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The Wright Stuff

Understanding the radical vision of ‘Native Son.’

Sep 23, 2013, Vol. 19, No. 03 • By JAMES SEATON
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Richard Wright’s Native Son (1940) was the first novel by an African American to become a bestseller and the first selected by the Book-of-the-Month Club. And until the rise of Toni Morrison and other black women writers, Wright was widely considered the leading African-American author, while Native Son vied with Ralph Ellison’s Invisible Man (1952) as the preeminent novel of the African-American experience. 

Richard Wright, 1945

Richard Wright, 1945

associated press

Despite its success, the novel was controversial from the first, as Wright had known it would be. His own “mental censor” told him that his portrait of Bigger Thomas as a representative of all African Americans would be misunderstood and exploited by “reactionary whites,” condemned by his own “white and black comrades in the Communist party,” and rejected by “the Negro middle and professional classes.”

Native Son remains a controversial novel. In Poetic Justice (1997), Martha Nussbaum argues that the novel is still valuable because it “promotes habits of mind that lead toward social equality in that they contribute to the dismantling of the stereotypes that support group hatred.” She claims that while the novel “avoids evoking an easy sympathy that would say, despite differences in circumstance, we are all brothers under the skin,” it successfully encourages a more meaningful “deep  sympathy.” Readers are forced to try “to see the world through Bigger’s eyes” and, therefore, are led, even while “recogniz[ing] the inappropriateness of some of [Bigger’s] emotions to their object,” to feel “a deep sympathy .  .  . for Bigger’s predicament, a principled anger at the structures of racism that have made him as he is.” 

Nussbaum’s interpretation confirms the overall thesis of Poetic Justice that reading novels, at least the right kind of novels, “can be a bridge .  .  . to a vision of justice” remarkably like Nussbaum’s own.

Richard Posner responded to her argument in his Law and Literature (2009) by claiming that Native Son is a “period piece” lacking permanent value, in large part because, as one reads, “the [minor] black characters lose their three-dimensionality” while the protagonist, Bigger Thomas, is presented on some occasions as a morally responsible character and, on others, as a mere victim of circumstances whose actions, even murder, have no moral resonance at all. What Nussbaum calls “the moral teaching of Native Son” about the human cost of racism “is not exactly news, and anyway it is not well presented in Wright’s novel,” says Posner.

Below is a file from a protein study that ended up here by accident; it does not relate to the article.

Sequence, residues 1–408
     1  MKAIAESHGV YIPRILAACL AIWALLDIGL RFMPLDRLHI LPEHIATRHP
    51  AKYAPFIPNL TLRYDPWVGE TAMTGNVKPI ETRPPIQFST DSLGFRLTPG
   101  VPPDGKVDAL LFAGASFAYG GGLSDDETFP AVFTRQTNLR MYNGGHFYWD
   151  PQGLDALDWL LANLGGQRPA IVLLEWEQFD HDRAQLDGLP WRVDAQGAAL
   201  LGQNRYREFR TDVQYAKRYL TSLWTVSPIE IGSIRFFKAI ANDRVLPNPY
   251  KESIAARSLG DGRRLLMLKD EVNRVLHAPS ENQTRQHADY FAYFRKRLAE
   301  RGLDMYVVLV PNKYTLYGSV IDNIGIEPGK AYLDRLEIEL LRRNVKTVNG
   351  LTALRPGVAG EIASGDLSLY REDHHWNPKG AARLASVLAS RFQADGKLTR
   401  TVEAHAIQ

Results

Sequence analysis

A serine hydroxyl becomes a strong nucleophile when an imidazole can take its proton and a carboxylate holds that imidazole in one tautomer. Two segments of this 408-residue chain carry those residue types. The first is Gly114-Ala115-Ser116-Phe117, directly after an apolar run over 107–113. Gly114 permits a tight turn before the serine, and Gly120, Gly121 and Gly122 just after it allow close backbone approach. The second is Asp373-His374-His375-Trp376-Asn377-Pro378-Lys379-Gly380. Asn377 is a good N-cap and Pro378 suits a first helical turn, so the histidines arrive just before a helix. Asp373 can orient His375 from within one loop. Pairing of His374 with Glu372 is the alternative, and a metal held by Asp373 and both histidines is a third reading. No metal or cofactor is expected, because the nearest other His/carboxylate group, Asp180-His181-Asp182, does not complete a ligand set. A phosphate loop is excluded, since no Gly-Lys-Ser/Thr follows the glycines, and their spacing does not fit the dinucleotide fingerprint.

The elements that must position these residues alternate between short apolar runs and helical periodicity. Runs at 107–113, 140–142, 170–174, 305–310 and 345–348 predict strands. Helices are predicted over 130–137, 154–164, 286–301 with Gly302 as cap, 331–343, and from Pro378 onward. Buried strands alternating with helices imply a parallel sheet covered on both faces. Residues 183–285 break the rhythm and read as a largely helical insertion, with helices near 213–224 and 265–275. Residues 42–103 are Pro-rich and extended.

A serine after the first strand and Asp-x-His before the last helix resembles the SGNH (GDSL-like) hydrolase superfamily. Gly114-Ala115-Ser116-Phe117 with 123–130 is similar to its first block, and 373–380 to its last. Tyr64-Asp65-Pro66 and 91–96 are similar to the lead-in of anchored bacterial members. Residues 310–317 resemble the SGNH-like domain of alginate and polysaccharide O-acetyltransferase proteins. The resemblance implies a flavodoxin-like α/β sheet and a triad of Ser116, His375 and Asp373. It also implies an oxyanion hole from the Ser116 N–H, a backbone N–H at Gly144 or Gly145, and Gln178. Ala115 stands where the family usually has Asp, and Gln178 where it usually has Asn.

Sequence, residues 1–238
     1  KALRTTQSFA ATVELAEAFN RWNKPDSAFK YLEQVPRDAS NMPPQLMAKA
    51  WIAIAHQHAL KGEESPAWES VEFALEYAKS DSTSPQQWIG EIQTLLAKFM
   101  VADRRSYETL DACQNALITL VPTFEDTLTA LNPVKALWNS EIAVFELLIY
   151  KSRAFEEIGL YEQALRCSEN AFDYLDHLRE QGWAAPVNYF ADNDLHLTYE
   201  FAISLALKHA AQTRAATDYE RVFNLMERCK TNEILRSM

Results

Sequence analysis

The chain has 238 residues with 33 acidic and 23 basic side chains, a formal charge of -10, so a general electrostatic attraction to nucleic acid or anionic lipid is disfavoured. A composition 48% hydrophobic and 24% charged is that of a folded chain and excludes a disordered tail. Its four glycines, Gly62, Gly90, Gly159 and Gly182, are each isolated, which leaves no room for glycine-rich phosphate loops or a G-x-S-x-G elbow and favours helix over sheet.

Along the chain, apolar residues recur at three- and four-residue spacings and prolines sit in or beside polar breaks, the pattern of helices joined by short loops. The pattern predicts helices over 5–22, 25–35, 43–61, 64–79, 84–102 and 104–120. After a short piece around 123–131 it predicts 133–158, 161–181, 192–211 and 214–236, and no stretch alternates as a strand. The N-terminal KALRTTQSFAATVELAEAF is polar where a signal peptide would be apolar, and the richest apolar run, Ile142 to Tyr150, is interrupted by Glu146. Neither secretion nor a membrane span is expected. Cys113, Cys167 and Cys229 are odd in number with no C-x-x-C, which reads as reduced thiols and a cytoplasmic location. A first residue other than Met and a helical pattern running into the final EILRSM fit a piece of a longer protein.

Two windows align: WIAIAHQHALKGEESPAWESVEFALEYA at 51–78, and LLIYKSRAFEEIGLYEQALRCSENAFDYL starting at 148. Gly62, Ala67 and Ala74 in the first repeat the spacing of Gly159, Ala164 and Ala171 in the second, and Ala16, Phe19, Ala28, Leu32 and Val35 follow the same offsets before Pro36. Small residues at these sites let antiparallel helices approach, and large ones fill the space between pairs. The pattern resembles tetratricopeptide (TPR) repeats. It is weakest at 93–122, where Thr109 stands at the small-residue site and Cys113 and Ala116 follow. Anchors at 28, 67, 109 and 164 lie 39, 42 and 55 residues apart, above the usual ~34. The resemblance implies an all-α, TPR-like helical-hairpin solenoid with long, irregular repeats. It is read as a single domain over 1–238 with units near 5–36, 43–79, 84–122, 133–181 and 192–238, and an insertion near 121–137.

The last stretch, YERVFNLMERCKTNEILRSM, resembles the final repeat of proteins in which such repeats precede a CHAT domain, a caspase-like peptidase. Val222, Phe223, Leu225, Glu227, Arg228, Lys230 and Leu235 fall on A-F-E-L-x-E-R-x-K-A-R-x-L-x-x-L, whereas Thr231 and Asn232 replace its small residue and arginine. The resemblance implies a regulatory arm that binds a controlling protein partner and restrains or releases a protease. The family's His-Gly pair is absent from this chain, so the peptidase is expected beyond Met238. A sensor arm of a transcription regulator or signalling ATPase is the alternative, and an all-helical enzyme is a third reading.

In considering the impact of Native Son, it is well to remember what effect the author himself was attempting to achieve. In his 1940 essay “How ‘Bigger’ Was Born,” Richard Wright declared that he was determined in Native Son to avoid the mistake he believed he had made in writing the stories collected in Uncle Tom’s Children (1938): 

When the reviews of that book began to appear, I realized that I had made an awfully naïve mistake. I found that I had written a book which even bankers’ daughters could read and weep over and feel good about. I swore to myself that if I ever wrote another book, no one would weep over it; that it would be so hard and deep that they would have to face it without the consolation of tears. 

The text of Native Son reveals that Wright, indeed, went out of his way to make it difficult for readers of any race to feel much sympathy, deep or otherwise, for the novel’s protagonist. Wright ensured that even bankers’ daughters would find it difficult to “read and weep over and feel good about” his main character. It is true that when Bigger Thomas smothers Mary Dalton, the Communist-sympathizing daughter of a wealthy liberal slumlord, the reader, taken inside Bigger’s mind, knows that the killing was entirely accidental. 

After he is hired as a chauffeur by the Dalton family, Bigger’s first task is to drive Mary to a meeting with her Communist boyfriend Jan Erlone. Later in the evening, Mary and Jan insist that Bigger eat and drink with them, much to his own embarrassment and humiliation. After dropping off Jan, Bigger drives Mary home, but she is so drunk that she passes out and he is forced to carry her to her bedroom. He puts her to bed but is surprised by the appearance of Mrs. Dalton, who is blind but can smell whiskey on Mary’s breath. 

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